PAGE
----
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How Bad Can Heroin Really Be?

How Bad Can Heroin Really Be? | Just Believe Recovery
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Heroin is an opioid. Opioids have been used for thousands of years. Opioids come from a plant called a poppy plant. So, humans have known about this plant and drug for a long time. Some heroin is made in a laboratory.  Addiction to heroin is something that has not really been talked about until recent years in history.

Humans and Heroin

Heroin is so incredibly powerful and addictive that there is no medical use for it in the United States. Heroin comes from a simple poppy plant. The wax, opium, that bled from a poppy plant was used for pain relief for a long time. Purified morphine was first extracted from opium in the early 1800s, becoming the most powerful painkilling substance at the time. Seeming like overnight, a new extremely powerful substance is introduced to man. Morphine is 10 times more powerful than the plant-based opium. After it was introduced morphine became known as our first narcotics, opiates, and opioids. About 70 years later, a British chemist was the first to synthesize heroin. It was mostly ignored by the scientific communities at that time.

Right before 1900, heroin was being used, in different forms, and was being widely used for pain, respiratory infections, even certain mental conditions. As this drug was being used more and more patient’s tolerance grew along with it. Tolerance to a drug is when the body becomes adapted to the drug, it begins to take more and more to get the desired effect. In 1910, a hospital in New York admitted its first case of heroin addiction or dependence. 5 years later, the hospital admitted 425 patients for heroin addiction. This is the beginning of treatment for opioid addiction.

Heroin Today

After relentless regulations and prohibitions, there is no medical or recreational use for heroin in the US. Any heroin in the country was brought here illegally. The use of heroin and other opiates today is higher than it ever has been before. The addiction to heroin and other opiates is higher than it ever has been before. When heroin is used it is converted to morphine in the brain and immediate euphoric effects are felt. It can be snorted, smoked, injected, and more. The body rapidly adapts to the overstimulation of the opioid receptors in the brain. Chemicals in the brain, like dopamine, are all released at once when heroin is used. After all the chemicals are released, the user will have to wait for the brain to make more “feel good” chemicals on its own or get more drugs to feel “good” or even “normal”. This is called tolerance. Tolerance creates addictions. Heroin gets into a user’s brain and changes it. It chemically changes it and it will take time for the brain to get back to regulating itself. After long-term or heavy use, the body and brain are so adapted to drugs, users will go through a painful withdrawal when they stop using.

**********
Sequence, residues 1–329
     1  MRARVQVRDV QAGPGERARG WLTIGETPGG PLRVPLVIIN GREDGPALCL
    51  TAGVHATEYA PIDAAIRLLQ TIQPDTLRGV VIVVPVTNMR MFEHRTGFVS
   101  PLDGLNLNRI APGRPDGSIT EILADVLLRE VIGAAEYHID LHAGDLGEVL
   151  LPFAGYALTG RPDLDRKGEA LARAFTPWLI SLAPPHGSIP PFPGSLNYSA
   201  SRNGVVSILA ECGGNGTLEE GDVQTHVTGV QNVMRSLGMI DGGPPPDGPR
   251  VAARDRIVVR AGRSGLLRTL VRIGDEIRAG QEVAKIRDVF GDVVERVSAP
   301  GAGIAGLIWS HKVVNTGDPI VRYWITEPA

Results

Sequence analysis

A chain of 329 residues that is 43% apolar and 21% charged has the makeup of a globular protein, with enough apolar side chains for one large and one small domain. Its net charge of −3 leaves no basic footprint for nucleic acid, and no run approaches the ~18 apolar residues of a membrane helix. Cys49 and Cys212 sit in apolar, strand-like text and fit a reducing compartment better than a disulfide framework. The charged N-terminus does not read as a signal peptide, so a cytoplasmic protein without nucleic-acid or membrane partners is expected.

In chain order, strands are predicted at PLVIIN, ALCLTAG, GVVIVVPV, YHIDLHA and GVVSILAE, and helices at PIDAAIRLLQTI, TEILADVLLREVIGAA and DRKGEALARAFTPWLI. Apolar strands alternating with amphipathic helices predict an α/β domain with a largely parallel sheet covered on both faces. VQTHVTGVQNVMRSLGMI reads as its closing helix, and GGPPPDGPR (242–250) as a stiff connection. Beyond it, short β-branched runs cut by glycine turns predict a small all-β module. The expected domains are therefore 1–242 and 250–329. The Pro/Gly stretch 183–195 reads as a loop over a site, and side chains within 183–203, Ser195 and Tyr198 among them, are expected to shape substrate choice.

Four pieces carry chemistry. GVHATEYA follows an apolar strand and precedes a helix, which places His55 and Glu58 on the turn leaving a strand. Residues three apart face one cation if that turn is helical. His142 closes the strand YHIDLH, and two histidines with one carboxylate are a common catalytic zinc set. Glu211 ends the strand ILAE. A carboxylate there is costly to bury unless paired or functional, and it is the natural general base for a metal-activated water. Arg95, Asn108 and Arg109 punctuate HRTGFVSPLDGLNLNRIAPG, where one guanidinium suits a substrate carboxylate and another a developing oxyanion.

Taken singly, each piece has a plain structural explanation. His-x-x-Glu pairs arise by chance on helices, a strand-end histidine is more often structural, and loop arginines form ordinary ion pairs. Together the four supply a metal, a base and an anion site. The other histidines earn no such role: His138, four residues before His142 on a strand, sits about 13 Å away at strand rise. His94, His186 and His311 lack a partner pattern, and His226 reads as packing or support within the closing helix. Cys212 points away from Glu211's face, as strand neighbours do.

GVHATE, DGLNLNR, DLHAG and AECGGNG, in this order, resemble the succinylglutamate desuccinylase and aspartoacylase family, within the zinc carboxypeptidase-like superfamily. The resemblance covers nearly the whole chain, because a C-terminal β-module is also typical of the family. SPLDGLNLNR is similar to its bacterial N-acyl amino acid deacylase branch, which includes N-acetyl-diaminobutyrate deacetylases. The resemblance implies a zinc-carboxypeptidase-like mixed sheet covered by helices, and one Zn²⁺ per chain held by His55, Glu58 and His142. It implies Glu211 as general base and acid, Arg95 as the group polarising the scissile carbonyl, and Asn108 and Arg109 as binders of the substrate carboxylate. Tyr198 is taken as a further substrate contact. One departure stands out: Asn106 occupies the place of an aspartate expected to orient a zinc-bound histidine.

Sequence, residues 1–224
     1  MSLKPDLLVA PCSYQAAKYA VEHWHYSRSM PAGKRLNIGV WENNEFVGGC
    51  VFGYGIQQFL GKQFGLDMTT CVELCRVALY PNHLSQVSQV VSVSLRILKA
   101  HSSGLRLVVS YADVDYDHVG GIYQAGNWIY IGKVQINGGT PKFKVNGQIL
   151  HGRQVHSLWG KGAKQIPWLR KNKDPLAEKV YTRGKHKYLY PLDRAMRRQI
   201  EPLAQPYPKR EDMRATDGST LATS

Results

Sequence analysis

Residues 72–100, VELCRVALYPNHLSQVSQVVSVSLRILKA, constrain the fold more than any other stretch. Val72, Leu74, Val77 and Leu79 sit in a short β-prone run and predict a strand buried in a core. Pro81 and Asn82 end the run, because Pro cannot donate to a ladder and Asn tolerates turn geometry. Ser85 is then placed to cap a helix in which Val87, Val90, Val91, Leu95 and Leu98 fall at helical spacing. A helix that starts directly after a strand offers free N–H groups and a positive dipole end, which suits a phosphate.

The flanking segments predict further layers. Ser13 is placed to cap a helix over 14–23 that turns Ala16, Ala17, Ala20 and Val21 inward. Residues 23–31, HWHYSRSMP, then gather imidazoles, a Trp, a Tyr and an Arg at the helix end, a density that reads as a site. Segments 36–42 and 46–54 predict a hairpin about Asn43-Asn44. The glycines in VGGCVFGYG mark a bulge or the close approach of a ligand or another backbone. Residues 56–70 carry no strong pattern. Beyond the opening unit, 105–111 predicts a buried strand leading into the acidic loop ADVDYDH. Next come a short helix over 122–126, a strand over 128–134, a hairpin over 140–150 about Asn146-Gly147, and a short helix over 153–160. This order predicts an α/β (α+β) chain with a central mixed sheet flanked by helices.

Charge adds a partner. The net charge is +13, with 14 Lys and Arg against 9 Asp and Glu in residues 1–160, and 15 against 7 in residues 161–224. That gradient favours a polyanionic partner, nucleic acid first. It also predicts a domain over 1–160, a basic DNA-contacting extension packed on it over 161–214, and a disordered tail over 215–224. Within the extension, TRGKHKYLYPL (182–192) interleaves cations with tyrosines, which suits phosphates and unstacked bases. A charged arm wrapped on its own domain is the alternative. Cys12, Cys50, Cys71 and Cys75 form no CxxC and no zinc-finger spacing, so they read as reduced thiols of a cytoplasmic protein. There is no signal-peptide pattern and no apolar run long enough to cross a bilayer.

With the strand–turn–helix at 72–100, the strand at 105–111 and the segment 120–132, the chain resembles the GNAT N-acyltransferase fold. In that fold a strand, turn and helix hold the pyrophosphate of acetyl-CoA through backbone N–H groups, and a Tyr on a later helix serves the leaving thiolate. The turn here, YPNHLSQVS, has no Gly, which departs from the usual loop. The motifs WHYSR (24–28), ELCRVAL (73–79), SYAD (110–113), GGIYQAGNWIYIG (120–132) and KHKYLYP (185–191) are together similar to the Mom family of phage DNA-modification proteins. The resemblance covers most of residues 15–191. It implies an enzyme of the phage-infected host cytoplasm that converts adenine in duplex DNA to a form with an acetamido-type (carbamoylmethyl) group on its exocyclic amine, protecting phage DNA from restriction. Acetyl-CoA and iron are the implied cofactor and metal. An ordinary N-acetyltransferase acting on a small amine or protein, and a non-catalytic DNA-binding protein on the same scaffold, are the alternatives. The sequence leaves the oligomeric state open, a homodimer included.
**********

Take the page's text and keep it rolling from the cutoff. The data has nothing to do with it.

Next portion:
How Dangerous Heroin Can Really Be

2018 data shows that every day, 128 people in the United States die after overdosing on opioids. Overdosing can happen to anyone. It could be a seasoned addict or a first time user. This drug is so powerful that it can and does change thoughts, behavior, and lives. It affects full families and full communities.

Withdrawal will keep a lot of users using it. Withdrawal is extremely painful. This happens when a chronic user just stops taking opiates. Symptoms of withdrawal can be nausea, pain, shaking, depression, aggressive behavior, anxiety, cravings or obsessive thoughts, and more. This can last up to 5-10 days. Medically, heroin withdrawal is not life-threatening. However, because this drug is so powerful, suicide can become an option just to stop feeling those withdrawal symptoms.


It is highly recommended to be in detox when going through withdrawal. Treatment can provide a safe place to go through those painful 5-10 days. There are medications that doctors and other medical professionals can prescribe to help with the withdrawal. Medications like Suboxone, Methadone, or Vivitrol can be extremely helpful in getting clean. Detox is the safest place to be because there are medical professionals there 24/7. There are also peers there. Other people that understand what it is like to feel like that. Heroin is so addictive, that it may leave your brain chemically in 10 days, but addicts never forget it. After detox, rehab is also highly recommended. Rehab gives an addict time to focus on life. It can offer time and the resources to make real change in their lives. Recovery specialists and therapists can truly help an addict in a safe environment. Getting clean is the first step in recovery. Long-term sobriety is the goal. Sometimes, that goal isn’t met. Help will always be there. Help will always be a phone call away.

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